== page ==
ASK Ian McCall about Partick Thistle’s ambitions for the season and it won’t be long until the concept of quarters is brought up. Rather than setting hard targets in stone, the Jags manager has always been adamant that the Championship campaign has to be viewed in four sections.

The logic is sound – by fragmenting the season, players and coaches alike remain focused on achievable short-term goals. Each second-tier side already plays each other four times a year. It’s a neat prism to view the season through.

McCall’s formula for success has been simple: every quarter, collect a minimum of 15 points and try to improve on the previous one. That way, he reasons, his team will be in with a shout of promotion come the end of it all.

A quick glance at the form table tells us Thistle are right on track in McCall’s eyes. In the opening rounds of the season his team collected 15 points and now at the halfway stage, they have a total of 31. So far, so good.

However, a points tally doesn’t tell the full story. While there have been notable improvements at Thistle during the second quarter, there are also areas of concern. The two quarters of the season so far could hardly be more contrasting for the Maryhill club.

Let’s start with the obvious improvement: the defence. Helped by a club-record run of eight consecutive clean sheets (with seven coming on league duty), the Thistle backline has been nothing short of immense in the second quarter. Eight clean sheets out of a possible nine – only Arbroath breached the Jags defence in that period – makes for impressive reading but when we dig into the under-the-hood stats, we can see this change has been coming.

In the first quarter, Thistle’s defence was leaky. They were shipping goals at a rate of 1.56 per game and to be frank, it could and perhaps should have been worse. The Jags’ expected goals against (xGA) per game stood at 2.11: essentially, they should have been conceding an extra goal every second game based on the quality and quantity of chances conceded.

This was McCall’s biggest problem in the first quarter and the former Ayr United manager has done well to rectify it since. Thistle’s goals conceded per game has plummeted to just 0.22 – an incredible reduction – and the stats suggest that this improvement has been well-earned. Thistle’s xGA has dropped to 1.05, meaning that they should still be conceding a lot more regularly than they are and they will likely revert to the mean at some point, yet it is notable that the defence is now twice as efficient in terms of the quality and quantity of the chances they concede.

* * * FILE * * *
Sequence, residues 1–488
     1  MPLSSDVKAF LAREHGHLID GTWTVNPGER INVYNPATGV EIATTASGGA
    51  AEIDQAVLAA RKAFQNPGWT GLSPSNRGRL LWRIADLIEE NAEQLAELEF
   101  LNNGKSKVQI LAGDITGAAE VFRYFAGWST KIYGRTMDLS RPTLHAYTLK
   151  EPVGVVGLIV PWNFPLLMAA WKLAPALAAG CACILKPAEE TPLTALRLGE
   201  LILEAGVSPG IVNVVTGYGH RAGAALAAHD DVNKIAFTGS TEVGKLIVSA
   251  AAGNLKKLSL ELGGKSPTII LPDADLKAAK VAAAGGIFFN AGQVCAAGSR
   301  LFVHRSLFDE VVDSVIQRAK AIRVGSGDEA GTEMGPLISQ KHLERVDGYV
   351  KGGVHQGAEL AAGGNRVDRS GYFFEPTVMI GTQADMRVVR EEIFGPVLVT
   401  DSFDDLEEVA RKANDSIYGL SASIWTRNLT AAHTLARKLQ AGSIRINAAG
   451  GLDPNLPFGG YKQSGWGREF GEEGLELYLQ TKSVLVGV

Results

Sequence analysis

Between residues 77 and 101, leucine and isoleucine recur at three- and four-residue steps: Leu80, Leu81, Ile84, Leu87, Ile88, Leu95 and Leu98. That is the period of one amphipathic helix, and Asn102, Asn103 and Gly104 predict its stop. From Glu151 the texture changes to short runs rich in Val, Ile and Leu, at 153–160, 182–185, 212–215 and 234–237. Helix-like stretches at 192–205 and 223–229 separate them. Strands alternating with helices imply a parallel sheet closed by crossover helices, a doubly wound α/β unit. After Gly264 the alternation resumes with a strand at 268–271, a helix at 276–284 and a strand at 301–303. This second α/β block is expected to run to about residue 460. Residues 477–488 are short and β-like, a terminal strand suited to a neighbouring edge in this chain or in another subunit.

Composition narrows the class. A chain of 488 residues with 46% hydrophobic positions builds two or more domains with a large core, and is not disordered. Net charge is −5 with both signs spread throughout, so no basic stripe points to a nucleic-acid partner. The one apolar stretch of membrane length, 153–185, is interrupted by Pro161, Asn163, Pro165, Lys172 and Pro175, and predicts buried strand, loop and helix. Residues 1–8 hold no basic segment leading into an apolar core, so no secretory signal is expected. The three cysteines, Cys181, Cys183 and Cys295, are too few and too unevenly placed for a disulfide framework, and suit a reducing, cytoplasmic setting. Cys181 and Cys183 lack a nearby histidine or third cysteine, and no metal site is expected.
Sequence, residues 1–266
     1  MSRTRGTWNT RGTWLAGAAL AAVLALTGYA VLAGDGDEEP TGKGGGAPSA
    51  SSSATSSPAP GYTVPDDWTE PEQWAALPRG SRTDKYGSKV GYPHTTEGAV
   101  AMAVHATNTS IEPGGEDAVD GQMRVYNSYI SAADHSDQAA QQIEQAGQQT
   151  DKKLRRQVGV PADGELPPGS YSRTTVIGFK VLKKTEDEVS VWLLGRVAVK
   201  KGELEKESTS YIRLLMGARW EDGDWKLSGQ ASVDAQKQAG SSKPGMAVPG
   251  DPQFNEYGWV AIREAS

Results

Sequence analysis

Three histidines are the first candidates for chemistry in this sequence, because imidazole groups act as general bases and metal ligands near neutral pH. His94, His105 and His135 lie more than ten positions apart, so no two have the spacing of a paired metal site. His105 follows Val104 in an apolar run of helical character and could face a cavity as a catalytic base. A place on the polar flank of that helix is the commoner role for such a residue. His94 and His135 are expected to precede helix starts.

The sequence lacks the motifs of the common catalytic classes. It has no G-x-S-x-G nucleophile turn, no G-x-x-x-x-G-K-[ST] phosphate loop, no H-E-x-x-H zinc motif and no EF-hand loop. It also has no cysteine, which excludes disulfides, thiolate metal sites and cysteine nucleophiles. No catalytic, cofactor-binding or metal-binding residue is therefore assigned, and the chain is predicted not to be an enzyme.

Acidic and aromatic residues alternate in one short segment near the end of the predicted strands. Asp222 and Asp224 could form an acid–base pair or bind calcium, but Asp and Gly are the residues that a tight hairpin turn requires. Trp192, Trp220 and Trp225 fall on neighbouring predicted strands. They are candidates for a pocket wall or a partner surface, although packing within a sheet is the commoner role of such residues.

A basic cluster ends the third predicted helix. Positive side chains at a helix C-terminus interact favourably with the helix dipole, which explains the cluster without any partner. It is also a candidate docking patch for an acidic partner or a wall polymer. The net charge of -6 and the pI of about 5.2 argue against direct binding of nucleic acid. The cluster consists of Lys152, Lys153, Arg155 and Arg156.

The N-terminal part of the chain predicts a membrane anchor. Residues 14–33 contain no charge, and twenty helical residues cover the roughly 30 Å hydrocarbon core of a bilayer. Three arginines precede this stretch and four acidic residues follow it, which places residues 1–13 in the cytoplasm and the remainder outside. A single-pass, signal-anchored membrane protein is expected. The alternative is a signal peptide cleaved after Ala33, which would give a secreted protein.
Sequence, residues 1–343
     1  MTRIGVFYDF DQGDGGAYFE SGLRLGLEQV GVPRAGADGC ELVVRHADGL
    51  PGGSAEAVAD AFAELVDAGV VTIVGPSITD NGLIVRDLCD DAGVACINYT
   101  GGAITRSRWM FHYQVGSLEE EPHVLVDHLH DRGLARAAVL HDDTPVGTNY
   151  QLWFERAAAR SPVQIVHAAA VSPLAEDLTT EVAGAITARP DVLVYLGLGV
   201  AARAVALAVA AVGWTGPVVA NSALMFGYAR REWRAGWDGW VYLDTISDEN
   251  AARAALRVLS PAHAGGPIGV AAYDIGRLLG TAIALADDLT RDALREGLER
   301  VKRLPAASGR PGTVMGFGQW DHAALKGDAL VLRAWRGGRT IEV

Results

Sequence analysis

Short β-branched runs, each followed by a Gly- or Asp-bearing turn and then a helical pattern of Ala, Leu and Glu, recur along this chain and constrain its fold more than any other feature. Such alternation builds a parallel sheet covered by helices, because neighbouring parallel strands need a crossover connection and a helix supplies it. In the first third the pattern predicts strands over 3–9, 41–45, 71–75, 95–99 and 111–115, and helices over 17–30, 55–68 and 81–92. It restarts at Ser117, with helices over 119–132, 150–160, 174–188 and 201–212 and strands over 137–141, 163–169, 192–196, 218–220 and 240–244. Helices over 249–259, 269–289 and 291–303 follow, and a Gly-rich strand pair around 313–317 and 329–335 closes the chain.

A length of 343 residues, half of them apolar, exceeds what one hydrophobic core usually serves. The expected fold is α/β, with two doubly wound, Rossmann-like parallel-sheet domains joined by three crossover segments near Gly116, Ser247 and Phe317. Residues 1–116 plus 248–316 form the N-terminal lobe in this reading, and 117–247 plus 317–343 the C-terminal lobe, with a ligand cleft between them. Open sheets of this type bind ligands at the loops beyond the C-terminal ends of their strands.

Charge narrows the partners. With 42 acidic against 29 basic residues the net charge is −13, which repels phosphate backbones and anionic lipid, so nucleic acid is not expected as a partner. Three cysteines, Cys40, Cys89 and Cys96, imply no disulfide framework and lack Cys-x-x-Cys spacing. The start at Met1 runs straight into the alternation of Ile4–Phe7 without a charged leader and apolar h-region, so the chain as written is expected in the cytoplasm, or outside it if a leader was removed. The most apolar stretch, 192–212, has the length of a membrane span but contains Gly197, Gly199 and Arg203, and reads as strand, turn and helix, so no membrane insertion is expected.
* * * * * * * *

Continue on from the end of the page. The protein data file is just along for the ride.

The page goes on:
The obvious downturn can be found at the other end of the park. After banging in 23 goals during the first quarter, the Jags have managed just seven in the second. Five of their nine matches have ended with Thistle failing to get on the scoresheet and their goals per game has dropped from 2.56 to 0.78.

That particular swing might cause some supporters to feel alarmed but the underlying statistics should put those minds at ease. In the opening exchanges of the season, Thistle’s attacking output was simply unsustainable. Their expected goals (xG) was sitting at 1.92 per game, meaning they were scoring an ‘extra’ goal every second match. In the second quarter, this figure has decreased to 1.07.

This suggests that Thistle are making significantly fewer high-quality chances during any given game but the encouraging news is that McCall’s team are now under-performing their xG. In short, they’re making good chances and given time, they’ll start to go in. The free-scoring Thistle from the start of the season might be difficult to emulate but we can expect the goals to come if things remain the same.

The marginal increase in the average number of points collected per game (from 1.67 to 1.78) will no doubt please McCall, and overall performances in the second quarter will be a source of pride. In the opening rounds of the campaign, Thistle out-performed their opponents’ xG on five occasions out of nine. In the second, they did so no fewer than seven times.

This would suggest that the Jags are beginning to get the hang of life in the second tier. Inverness are the only team to have comprehensively out-played Thistle in the second quarter going by the xG (Wyscout have it at 0.23 to the Jags and 2.76 to Billy Dodds’ men) and while things aren’t quite as end-to-end and free-flowing as they were at the start of the season, Partick Thistle are beginning to exert more control in their fixtures.

The defence has improved significantly but will likely ship more goals in quarter three. The goals have dried up at the other end but should start flowing again soon. If McCall can successfully recapture the devastating attack from the first quarter and marry it to the defensive resilience of the second, a legitimate challenge for back-to-back promotions is not out of the question. It’s been another quarter of contrast for Thistle, but another that offers plenty of grounds for optimism for the remainder of the campaign.